Way back in December, I was interviewed for an article titled The Shadow Sex, which appeared in San Francisco Magazine, both in print and online.
Later, the accompanying photography series by Chloe Aftel got picked up by several news media outlets some of which continued to build on the stories of genderqueer and non-binary individuals, as well as the photographer herself. Here are some sources that re-distributed it:
- What Being Between Genders Looks Like on Refinery29
- Portraits of Genderqueer Nation on Vocativ
- Agender: Portraits of Young People Who Identify as Neither Male or Female on Feature Shoot
- Intimate Portraits of Young PeopleWho Identify as Non-Gendered on Flavorwire
- Intimate Photos of Agender Youth Challenge What It Means to Be Born a Boy or Girl on PolicyMic
- Profound Portraits Of Young Agender Individuals Challenge The Male/Female Identity in Huffington Post
- Meet the Agender Young Adults Challenging the Gender Binary in The Advocate
- Intimate Portraits of the Genderqueer Community in San Francisco in Slate
And then it began to appear in other countries and languages…
- Un futuro sin género: 6 retratos de jóvenes que no se sienten ni hombre ni mujer de PlayGround Noticias (España). [Interestingly, a few people from high school in Mexico saw this article and recognized me in it.]
- Senza genere de Il Post (Italia)
- “Agender”: El proyecto fotográfico que retrata a quienes no se identifican como hombre ni mujer de BioBio (Chile)
- Agênero: Nasceu mulher, mas trabalha como modelo masculino no Sem Qualiragem (Brasil)
In the midst of that media storm, I was interviewed and featured in Vanity Fair (Italia): Non sono né donna, né uomo.
It’s interesting how just one article spun off into so many, and with such wide reach. I’m grateful for the increased visibility of non-binary people and our lives. (I’ll withhold further commentary on the articles themselves.)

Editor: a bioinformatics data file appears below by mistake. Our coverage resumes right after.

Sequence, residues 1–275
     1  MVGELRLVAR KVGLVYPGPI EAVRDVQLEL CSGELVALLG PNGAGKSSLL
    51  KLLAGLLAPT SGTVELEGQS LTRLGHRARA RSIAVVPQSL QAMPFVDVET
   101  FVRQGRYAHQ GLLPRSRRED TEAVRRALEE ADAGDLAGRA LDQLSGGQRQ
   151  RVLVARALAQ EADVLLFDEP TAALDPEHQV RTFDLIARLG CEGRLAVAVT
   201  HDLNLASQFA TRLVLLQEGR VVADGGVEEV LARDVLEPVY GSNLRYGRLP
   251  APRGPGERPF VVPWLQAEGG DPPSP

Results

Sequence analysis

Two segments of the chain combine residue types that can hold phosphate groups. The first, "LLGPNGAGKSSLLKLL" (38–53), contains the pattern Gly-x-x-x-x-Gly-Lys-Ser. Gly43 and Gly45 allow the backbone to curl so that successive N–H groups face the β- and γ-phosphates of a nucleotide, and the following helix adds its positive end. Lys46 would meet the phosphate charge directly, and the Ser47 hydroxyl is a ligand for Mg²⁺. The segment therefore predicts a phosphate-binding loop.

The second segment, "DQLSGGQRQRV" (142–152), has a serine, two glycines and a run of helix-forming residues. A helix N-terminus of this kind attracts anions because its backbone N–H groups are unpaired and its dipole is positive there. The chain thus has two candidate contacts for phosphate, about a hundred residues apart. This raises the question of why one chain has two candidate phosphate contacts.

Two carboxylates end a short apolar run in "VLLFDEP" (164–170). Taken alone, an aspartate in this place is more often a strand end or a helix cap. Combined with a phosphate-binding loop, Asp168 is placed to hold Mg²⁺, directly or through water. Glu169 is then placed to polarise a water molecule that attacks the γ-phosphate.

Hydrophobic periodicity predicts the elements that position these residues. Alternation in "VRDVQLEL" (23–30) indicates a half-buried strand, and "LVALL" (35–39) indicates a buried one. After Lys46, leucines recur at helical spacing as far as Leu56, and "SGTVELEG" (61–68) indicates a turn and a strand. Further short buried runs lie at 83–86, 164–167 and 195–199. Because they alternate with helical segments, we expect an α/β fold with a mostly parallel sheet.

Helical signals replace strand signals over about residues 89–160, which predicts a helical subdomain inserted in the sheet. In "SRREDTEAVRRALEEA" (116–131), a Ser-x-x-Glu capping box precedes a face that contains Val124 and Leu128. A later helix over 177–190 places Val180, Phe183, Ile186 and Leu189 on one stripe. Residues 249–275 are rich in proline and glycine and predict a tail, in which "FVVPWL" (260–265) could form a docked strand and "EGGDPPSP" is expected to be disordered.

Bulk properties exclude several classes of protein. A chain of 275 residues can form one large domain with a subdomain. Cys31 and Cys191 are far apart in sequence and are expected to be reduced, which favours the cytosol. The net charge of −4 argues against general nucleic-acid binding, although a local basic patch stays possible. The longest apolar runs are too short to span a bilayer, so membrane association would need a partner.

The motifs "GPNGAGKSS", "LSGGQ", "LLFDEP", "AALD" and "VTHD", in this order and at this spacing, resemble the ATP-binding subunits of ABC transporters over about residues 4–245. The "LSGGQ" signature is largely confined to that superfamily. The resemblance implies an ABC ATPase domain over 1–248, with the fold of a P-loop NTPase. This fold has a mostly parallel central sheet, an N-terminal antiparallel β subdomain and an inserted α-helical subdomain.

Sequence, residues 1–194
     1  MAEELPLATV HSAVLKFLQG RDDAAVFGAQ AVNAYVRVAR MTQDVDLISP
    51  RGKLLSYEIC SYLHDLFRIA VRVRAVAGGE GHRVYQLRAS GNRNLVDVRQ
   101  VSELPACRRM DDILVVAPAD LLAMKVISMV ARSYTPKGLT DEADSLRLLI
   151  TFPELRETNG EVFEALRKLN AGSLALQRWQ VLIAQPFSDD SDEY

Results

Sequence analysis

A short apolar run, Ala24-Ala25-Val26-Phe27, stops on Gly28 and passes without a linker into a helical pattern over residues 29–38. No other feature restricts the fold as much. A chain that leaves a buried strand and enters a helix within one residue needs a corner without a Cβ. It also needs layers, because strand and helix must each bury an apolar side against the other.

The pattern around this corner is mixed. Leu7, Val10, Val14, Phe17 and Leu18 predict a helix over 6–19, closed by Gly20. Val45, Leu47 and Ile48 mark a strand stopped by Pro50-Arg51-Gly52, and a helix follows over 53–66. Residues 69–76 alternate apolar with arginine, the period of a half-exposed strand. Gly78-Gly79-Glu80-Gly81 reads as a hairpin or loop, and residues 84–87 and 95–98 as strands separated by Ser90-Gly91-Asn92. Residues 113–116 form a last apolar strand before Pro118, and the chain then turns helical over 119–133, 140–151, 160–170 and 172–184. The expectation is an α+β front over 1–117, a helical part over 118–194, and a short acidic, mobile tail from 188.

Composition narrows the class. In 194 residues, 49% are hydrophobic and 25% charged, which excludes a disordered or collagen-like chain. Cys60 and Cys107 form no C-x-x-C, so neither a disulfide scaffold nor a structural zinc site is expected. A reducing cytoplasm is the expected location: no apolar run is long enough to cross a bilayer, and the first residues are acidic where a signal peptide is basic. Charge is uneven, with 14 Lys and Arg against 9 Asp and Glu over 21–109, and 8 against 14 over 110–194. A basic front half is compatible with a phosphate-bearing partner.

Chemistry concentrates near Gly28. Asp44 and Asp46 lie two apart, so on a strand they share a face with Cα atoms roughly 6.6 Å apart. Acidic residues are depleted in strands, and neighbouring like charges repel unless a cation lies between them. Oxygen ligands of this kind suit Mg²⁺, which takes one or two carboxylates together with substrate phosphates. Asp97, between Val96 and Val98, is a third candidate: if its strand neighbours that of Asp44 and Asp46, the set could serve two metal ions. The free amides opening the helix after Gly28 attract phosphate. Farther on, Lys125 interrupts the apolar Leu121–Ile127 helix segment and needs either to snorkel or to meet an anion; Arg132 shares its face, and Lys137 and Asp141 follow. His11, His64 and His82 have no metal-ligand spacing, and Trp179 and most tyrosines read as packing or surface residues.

What I’d like to see from future journalists on the subject is deeper coverage on:
- acknowledging that gender identities outside of male or female exist.
- the unique obstacles we face as individuals finding our place in a world in which our gender does not exist: in legal forms, in the medical world, in clothing stores and pronouns, we are erased and invisible.
- the cycle of discrimination in healthcare, employment, family, and society that leads to disenfranchised communities: gender non-conforming individuals are kicked out of their homes and communities, fired from their jobs, harassed, untreated by doctors, or simply emotionally overwhelmed from lack of support.
- positive acceptance and other ways people can help, such as awareness, self education, and advocating for our rights.
- how our identities can prompt a dialogue on what gender means to everybody else, because we still have a long way to go in terms of gender equality and respect.
Fortunately, a few reporters are slowly picking up on this trend of “getting it right” and setting the precedent for a new standard. After speaking with Monica Hesse about a possible article on non-binary gender, I was pleased to read the result of months of research: “When No Gender Fits” an in-depth profile on the front page of The Washington Post.
Following that article, many bloggers pointed out how it would be great to see more diversity among those generally featured. I believe this speaks to the dearth of journalism on the subject of genderqueer identities, and the untapped potential for rich, engaging, thoughtful stories one could find within this vibrant community.